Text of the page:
It starts with the receiptIf it’s not in writing, it didn’t happen. In other words, it doesn’t matter that your salesman told you were getting 40-ounce Stainmaster nylon. If your receipt says “300 sqft. nylon carpet: $2,000,” then your only guarantee is that you’re getting 300 square feet of nylon carpet. Three hundred square feet of generic 30-ounce nylon could show up at your home, and you couldn’t complain. Well, you could complain and would have every right to, but if the company wanted to deny your claim, there isn’t much you could do about it. The point here isget everything in writing.The easiest way to do this is to make sure your receipt or invoice itemizes everything you’ve paid for. Go a step further, and make sure every item on the receipt includes the details you discussed with the salesman.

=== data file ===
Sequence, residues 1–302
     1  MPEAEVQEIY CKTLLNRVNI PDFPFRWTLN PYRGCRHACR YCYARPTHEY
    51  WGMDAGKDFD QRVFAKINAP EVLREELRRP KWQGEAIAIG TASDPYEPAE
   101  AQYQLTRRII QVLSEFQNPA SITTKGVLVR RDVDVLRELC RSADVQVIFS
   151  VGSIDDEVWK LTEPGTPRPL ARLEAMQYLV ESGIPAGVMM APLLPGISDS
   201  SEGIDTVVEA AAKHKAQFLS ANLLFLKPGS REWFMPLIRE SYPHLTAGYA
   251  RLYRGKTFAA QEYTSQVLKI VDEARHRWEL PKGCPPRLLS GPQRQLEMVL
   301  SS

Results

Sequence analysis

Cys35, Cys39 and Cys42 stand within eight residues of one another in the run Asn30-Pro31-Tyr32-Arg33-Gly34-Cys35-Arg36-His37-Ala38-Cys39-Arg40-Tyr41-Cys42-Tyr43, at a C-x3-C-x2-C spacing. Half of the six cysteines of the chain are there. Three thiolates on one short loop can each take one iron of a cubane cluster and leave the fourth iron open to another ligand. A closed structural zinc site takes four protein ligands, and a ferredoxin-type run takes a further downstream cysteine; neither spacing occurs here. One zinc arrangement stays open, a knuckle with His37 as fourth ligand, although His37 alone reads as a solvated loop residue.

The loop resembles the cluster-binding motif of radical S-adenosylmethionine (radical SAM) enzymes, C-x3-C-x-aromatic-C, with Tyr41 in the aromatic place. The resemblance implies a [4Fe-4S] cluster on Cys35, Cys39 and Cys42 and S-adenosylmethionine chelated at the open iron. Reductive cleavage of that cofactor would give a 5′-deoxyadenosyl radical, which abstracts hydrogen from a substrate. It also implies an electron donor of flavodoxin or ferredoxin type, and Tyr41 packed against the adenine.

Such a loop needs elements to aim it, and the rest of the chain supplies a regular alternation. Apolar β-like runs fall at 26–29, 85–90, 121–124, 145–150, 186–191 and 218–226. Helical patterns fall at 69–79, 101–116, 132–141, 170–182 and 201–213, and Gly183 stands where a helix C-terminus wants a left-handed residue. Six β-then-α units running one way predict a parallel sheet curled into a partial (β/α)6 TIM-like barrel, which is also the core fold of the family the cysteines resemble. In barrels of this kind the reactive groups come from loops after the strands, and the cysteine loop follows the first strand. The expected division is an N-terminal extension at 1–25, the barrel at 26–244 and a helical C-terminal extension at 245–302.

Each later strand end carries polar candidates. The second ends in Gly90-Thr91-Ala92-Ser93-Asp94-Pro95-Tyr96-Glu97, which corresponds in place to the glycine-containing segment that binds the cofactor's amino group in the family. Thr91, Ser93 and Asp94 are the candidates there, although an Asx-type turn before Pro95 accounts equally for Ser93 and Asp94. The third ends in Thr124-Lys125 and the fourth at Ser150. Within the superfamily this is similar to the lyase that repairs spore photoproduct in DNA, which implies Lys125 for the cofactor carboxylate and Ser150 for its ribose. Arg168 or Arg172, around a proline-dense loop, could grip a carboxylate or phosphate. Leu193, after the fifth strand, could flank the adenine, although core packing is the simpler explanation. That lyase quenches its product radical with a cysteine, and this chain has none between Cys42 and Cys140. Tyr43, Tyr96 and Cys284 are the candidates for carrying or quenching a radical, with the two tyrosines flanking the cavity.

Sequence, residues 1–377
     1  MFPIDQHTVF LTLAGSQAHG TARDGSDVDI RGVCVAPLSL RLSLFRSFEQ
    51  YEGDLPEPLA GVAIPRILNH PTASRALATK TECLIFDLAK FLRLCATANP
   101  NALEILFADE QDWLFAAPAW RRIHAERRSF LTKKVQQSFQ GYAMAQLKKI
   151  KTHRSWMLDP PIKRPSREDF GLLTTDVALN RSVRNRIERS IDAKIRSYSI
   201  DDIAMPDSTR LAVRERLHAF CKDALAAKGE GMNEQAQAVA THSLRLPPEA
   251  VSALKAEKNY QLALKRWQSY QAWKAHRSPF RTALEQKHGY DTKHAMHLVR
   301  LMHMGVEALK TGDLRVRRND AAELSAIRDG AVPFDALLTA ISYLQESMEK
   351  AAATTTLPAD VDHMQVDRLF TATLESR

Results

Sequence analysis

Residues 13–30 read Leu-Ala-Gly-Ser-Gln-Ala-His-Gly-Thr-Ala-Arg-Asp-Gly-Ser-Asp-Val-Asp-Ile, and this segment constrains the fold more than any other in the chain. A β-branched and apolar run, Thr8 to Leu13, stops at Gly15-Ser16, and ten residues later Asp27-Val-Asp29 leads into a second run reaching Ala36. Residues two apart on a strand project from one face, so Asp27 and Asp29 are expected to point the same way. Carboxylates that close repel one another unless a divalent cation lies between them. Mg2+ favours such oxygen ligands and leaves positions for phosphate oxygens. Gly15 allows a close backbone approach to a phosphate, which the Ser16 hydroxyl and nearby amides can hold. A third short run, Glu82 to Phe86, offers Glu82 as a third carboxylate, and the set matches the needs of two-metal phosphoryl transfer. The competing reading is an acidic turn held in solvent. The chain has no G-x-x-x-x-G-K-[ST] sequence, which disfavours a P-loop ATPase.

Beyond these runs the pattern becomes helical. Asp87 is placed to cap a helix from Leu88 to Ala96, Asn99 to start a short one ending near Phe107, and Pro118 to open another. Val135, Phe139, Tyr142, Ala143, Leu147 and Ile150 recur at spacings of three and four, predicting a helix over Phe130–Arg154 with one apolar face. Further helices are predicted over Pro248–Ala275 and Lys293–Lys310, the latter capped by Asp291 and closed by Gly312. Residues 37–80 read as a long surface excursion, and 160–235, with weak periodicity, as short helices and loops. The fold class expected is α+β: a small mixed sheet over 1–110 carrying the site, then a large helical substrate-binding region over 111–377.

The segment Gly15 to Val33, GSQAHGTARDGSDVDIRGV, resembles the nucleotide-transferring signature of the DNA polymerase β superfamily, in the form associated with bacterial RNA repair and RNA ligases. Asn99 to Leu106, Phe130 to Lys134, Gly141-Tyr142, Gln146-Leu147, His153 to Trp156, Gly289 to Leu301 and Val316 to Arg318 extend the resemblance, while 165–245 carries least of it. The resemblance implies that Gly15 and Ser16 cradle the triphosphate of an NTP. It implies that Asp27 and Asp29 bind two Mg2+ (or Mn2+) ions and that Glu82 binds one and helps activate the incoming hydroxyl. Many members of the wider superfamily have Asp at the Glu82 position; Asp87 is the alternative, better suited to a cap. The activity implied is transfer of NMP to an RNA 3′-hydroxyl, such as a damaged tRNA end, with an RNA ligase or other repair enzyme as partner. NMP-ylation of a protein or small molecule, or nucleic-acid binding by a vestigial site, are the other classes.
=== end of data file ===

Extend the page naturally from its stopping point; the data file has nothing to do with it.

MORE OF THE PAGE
Take some evidenceNow you have what you ordered in writing, but how do you know that it’s the same carpet as the one that shows up in the delivery truck? Sure, you can tell if you’ve received aBerberorfrieze. Thecolorshould be pretty obvious. But other things, such asface weightandmaterial, can be more difficult to determine. You might have a suspicion you gotpolyesterinstead ofnylonwhen your carpet prematurely breaks down, but how do you know before the installer leaves your home? There isn’t an easy answer, but the first step is to check if there’s a label. You can ask the installer. Some carpets will be labeled when they arrive with all the important specifications. Many may not be labeled, and even if they are, there’ no guarantee the label is correct. This is where taking a sample is useful. Ask the store if you cankeep a sample of the exact carpet you’ve ordered and keep it until the carpet arrives. This will help most in determining if you receive the correct density. Rubbing your hand through the fibers and bending the carpet will give you a decent idea of how the density of the sample and the delivered carpet compare. If you aren’t 100% sure the material is the same as your sample you kept, you can perform chemical and burn tests totell what your carpet is made of. But remember kids, don’t play with fire! In all seriousness, there is risk of serious injury and property damage if you try a chemically manipulating or burning carpet on your own. You should not perform these chemical/burn tests on your own–hire a trained professional!